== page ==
When the UK leaves the EU, the Directive will cease to apply to the UK. Under the Draft Withdrawal Agreement, a database will continue to be protected where it is created by UK nationals, natural persons with habitual residence in the UK or businesses established in the UK. In the No Deal scenario, the ironic position will be that EU nationals, residents and businesses in the UK will acquire the Sui Generis right when they develop databases in the UK but UK nationals, residents and businesses will not. The UK Intellectual Property Office is alive to this concern and will push for reform of UK law to give UK nationals, residents and businesses equal protection under a domestic Sui Generis right (which, in fact, existed in the UK prior to the EU Database Directive in any event). Without agreement with the remaining EU countries the UK domestic right will not give rights which extend to the remaining EU countries.

It is unclear just how significant the Sui Generis right is in practice, but UK domestic businesses can minimise the risk of losing protection for databases developed in the UK by involving developers with an EU connection. Also, the database would be protected internationally through the copyright system if sufficient creativity can be established for the database to be protected as a copyright work. Careful records should be maintained showing the development process and it is possible that copyright protection may be available.

3. Free movement of goods

Many businesses have been concerned about fractured supply chains if the UK leaves the EU in a No Deal scenario. Similar concerns will apply for technology arrangements where continued access to hardware and consumables will be required. In the Draft Withdrawal Agreement scenario goods first lawfully put on the market in the EU or in the UK prior to the end of the transition period can circulate between the two markets before they reach the end user. In the Draft Withdrawal Agreement scenario, there should therefore be minimal disruption to international shipments between the remaining countries in the EU and the UK for a period of time. To prepare for the No Deal scenario businesses should, however, be revisiting their supply chains and inventory to ensure that the impact of delays in customs processes etc. are minimised.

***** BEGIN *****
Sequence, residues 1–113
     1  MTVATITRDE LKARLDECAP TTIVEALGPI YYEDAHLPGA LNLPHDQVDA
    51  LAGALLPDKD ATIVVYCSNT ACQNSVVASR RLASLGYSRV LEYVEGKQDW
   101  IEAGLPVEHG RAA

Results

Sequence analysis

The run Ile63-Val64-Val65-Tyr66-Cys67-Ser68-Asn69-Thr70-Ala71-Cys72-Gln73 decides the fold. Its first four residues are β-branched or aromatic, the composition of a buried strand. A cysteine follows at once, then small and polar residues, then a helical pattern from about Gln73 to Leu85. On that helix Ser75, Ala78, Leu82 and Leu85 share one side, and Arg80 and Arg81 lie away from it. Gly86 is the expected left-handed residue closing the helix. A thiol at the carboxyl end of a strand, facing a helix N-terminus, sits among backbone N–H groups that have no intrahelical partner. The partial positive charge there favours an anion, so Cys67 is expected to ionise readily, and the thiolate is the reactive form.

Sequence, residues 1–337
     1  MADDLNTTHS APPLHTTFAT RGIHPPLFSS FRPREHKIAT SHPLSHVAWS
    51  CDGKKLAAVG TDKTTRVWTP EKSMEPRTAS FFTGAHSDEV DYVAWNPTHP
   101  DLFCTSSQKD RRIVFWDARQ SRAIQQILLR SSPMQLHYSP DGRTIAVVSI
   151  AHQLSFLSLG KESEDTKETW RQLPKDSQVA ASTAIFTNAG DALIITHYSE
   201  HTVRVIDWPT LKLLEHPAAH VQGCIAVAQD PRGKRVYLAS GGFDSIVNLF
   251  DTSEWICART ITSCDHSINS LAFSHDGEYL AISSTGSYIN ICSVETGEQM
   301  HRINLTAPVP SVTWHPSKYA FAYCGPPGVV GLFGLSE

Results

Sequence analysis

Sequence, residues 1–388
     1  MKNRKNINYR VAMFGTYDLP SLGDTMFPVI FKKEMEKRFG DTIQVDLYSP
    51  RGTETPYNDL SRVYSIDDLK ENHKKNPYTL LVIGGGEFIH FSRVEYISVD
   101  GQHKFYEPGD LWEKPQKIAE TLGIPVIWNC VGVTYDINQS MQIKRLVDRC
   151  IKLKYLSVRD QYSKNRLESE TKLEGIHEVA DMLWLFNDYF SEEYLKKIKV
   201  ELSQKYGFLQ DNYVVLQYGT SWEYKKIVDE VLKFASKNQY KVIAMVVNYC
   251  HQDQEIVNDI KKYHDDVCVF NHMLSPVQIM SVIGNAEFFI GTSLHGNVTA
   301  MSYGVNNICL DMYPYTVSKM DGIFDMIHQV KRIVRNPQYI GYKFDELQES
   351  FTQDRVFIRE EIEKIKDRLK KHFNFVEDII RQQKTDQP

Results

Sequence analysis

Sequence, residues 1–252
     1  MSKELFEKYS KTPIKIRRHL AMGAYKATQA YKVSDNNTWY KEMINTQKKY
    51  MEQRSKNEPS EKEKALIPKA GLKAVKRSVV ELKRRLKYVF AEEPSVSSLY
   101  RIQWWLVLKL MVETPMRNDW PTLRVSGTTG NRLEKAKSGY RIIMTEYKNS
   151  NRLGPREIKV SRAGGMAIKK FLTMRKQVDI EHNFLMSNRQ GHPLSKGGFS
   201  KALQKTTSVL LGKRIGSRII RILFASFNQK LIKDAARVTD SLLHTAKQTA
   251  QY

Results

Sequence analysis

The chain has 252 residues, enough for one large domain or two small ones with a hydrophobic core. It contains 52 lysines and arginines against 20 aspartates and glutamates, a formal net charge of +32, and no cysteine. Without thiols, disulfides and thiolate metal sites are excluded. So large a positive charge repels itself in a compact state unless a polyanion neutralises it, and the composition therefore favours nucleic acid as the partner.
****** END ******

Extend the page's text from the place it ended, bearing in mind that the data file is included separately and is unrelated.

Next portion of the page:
4. Free movement of people

In order to assess fully the potential HR implications of Brexit, whether under the Draft Withdrawal Agreement or in a No Deal scenario, businesses should carry out a ‘people audit’. This should map out the locations of the direct workforce and, for outsourced arrangements, those of its third party suppliers. Specifically, how many UK nationals are working in the EU and how many EU nationals are working in the UK. This will highlight the potential implications of a change in immigration requirements as a result of Brexit.

The UK Government has made clear that, regardless of the outcome of the EU negotiations, it will proceed with its settlement scheme which will allow EU nationals to apply for settled status, provided they have arrived in the UK by the end of 2020. The government has indicated that the scheme for EU nationals to apply for settled status will open fully by March 2019. Businesses should consider helping those who qualify for the scheme to take advantage of it, particularly if they are in key roles. After 2020, the UK is likely to have a new post-Brexit immigration system. The current Government proposal is for a single, unified system which offers no preference for EU workers ahead of non-EU workers, but provides priority instead to highly-skilled workers. 

In relation to UK nationals based in the EU, some EU governments—for example the Netherlands— have made welcoming noises, promising measures to allow such individuals to remain there after March 2019 in the event of a No Deal scenario. Using the results of the people audit, businesses should focus on those EU countries that are most relevant to its workforce and monitor developments of any such legislation. They may also consider whether UK nationals working in the EU are able to apply for a right to remain there based on residency, marriage or ancestry.

5. Review technology supply agreements

For all material technology arrangements contractual frameworks should be reviewed in the context of Brexit. Pan-European arrangements should be an area of particular focus. Key contractual provisions to review will include:

  • Territorial scope of licences
  • Location of Personal Data
  • Rights in Databases
  • Currency/inflation indices
  • Compliance with laws obligations
  • TUPE/ARD on termination